I wonder why this chapter has the subheading "The Light Upon the Moor," but the last chapter was also a report from Watson, and it has no subheading.
Also, I just realized this letter is dated October 15th, coincidentally the date I started this read-along. Huh! No wonder I want to read/watch this in October every year!
So anyway, here we learn that Sir Henry sleeps even more lightly than Watson. Watson's heard Barrymore walking around once. Sir Henry has heard him two or three times.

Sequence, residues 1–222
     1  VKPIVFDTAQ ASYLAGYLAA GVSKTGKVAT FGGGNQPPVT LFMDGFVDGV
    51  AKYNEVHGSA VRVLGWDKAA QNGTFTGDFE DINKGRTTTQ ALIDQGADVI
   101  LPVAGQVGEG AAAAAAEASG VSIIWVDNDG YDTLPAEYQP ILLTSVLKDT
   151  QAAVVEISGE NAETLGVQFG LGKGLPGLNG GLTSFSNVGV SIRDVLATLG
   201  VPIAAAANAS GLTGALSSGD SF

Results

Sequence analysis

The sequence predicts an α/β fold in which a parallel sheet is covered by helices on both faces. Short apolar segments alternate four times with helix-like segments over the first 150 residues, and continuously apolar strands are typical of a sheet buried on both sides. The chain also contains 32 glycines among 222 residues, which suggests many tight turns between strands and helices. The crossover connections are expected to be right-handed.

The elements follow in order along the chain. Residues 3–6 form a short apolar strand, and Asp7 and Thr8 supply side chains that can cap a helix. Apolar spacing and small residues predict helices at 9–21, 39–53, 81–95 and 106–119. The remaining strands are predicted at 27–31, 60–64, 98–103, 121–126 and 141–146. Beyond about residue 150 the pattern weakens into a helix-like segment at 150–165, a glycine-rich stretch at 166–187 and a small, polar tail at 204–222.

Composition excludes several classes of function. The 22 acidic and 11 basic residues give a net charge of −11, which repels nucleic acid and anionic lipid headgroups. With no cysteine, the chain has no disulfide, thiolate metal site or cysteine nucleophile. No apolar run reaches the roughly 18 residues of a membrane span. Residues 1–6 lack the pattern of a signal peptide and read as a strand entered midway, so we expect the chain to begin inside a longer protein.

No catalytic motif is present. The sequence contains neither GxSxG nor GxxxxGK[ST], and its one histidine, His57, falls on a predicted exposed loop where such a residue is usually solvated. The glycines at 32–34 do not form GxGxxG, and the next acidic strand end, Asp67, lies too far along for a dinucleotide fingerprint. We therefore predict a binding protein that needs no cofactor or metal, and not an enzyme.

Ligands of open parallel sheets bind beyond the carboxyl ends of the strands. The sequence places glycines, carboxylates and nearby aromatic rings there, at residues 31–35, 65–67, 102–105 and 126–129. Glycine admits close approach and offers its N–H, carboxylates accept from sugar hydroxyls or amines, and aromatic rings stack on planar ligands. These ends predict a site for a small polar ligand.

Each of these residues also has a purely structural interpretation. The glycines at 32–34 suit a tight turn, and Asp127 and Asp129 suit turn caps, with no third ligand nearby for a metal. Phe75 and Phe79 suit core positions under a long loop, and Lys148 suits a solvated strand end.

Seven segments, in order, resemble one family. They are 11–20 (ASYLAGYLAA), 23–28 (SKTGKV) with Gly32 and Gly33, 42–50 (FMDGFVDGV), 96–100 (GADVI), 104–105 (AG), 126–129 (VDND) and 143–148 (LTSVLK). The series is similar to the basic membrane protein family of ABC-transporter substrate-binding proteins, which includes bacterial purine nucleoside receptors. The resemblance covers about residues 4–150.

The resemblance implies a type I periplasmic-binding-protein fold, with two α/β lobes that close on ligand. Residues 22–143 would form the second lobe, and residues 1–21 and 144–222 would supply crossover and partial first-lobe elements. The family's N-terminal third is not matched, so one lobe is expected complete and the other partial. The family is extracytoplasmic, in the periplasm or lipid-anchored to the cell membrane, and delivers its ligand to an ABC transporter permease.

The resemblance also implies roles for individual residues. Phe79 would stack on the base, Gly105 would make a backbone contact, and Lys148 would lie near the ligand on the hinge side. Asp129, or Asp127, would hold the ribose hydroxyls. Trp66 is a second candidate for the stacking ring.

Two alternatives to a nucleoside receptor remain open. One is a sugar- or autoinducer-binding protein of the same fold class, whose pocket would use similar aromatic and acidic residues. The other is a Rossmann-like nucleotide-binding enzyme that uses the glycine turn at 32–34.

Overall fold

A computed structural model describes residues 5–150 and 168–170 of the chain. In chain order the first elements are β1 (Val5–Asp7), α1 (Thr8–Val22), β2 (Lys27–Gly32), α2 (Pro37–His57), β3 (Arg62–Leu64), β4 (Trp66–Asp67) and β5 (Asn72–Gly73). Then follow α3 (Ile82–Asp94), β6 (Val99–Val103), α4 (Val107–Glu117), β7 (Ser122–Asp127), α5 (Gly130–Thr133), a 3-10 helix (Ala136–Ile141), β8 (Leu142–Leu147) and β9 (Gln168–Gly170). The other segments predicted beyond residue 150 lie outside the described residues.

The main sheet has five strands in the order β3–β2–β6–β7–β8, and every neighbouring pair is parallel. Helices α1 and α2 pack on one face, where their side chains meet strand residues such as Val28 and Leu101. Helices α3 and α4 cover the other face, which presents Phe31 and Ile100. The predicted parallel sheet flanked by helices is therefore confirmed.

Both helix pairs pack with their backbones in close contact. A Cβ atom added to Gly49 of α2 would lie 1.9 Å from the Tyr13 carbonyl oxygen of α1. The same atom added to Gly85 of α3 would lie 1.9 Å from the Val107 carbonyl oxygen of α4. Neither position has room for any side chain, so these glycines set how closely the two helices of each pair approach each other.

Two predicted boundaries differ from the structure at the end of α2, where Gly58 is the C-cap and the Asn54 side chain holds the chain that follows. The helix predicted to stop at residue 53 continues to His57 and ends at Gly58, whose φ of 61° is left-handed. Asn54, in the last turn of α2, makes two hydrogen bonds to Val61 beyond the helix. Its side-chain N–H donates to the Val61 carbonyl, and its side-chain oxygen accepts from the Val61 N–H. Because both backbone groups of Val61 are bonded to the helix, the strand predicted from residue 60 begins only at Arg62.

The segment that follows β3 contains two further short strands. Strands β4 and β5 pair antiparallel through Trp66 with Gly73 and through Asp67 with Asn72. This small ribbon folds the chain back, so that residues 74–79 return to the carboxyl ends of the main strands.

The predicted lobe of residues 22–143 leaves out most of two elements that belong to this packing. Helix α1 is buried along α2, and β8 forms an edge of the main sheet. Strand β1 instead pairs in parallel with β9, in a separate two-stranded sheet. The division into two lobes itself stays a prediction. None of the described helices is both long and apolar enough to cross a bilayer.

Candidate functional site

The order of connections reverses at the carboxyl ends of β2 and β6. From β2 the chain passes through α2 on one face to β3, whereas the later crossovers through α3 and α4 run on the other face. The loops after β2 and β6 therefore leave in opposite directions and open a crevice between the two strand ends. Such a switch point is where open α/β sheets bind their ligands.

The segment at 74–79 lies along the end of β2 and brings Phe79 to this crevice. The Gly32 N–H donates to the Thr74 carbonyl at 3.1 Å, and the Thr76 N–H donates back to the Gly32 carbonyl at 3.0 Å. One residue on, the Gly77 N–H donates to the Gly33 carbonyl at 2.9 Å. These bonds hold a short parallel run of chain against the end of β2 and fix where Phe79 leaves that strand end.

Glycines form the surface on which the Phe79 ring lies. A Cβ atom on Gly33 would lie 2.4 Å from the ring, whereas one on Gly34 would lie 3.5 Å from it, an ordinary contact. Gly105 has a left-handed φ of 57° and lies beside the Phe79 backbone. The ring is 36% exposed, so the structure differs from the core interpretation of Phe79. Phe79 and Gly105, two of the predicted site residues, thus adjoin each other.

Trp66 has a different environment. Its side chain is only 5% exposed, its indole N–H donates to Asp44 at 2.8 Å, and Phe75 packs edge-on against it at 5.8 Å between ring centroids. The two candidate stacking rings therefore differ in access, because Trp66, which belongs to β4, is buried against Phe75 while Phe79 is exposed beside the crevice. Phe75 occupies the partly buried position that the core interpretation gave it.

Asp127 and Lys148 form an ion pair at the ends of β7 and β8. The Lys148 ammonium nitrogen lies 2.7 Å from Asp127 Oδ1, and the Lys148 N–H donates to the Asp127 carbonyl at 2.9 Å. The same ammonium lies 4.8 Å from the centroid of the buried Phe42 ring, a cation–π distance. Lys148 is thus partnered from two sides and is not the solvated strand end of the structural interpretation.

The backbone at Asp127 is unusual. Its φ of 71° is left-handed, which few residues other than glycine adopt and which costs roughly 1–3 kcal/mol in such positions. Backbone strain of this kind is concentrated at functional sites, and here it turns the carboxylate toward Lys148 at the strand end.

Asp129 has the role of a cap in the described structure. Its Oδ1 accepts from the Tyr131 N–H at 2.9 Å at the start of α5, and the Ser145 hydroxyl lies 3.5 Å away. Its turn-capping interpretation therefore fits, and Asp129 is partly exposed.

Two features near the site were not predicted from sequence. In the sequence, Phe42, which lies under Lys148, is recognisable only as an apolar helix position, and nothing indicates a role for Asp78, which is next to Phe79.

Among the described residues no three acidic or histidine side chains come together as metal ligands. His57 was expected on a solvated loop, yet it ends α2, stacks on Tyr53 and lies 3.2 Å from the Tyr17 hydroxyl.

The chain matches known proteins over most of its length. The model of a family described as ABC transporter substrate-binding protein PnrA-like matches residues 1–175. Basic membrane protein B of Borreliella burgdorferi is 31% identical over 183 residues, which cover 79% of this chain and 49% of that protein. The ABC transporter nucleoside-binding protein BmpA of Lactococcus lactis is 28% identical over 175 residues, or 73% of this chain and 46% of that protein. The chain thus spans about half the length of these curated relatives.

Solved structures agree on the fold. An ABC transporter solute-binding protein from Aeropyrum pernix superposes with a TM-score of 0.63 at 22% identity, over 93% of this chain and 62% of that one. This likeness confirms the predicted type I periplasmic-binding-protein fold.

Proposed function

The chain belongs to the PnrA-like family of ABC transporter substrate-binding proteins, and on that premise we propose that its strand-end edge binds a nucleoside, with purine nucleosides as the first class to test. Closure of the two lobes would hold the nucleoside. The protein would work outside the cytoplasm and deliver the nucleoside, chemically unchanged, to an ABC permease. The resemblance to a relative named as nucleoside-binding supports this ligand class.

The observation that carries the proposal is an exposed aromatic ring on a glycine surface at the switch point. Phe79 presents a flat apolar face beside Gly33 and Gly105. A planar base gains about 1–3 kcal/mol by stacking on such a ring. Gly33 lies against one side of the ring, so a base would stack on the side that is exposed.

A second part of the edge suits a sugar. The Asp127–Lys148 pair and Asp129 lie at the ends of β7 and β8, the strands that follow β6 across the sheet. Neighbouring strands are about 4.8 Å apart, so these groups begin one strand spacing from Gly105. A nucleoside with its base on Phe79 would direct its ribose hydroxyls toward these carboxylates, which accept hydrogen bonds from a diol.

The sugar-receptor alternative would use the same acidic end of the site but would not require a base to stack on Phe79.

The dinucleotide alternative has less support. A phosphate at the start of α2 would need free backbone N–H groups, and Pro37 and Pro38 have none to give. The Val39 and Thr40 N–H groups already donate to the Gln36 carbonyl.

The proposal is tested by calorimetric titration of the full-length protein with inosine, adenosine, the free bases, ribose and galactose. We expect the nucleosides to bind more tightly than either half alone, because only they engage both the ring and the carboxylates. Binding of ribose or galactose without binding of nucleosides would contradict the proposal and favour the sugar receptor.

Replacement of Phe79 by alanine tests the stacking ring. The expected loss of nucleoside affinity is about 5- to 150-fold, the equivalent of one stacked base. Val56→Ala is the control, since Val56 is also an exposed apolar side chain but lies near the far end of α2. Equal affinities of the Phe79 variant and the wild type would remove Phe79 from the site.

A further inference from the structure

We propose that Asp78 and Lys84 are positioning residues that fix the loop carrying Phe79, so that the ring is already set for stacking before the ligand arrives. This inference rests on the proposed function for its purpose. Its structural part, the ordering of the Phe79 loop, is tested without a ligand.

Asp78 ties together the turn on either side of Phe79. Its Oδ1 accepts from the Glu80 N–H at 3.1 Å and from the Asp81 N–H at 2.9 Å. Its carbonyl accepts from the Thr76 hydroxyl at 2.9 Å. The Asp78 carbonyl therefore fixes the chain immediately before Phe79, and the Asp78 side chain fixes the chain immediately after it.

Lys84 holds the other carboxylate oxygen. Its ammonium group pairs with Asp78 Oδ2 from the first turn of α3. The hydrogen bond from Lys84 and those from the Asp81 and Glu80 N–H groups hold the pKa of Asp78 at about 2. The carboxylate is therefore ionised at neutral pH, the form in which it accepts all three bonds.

And Watson's so sweet, writing to Holmes that he hopes he has not "disappointed you as an agent -- that you do not regret the confidence which you showed in me when you sent me down" (p. 639).
How about that Sir Henry, though? He's quite a brave guy, going out after a convicted murderer (a vicious and brutal murderer) armed only with a hunting crop. And then although the sound of a hound howling on the moor completely freaks him out, he wants to keep going after Selden!
And though we lose Selden, we spot a mysterious man standing on top of a moor hill. Clear up one mystery, find another.
"We'll see it thorugh if all the fiends of the pit were loose upon the moor" (p. 644).
There, outlined as black as an ebony statue on that shining background, I saw the figure of a man upon the tor (p. 645).
Possible Discussion Questions:
Do you think Holmes is finding Watson's reports helpful?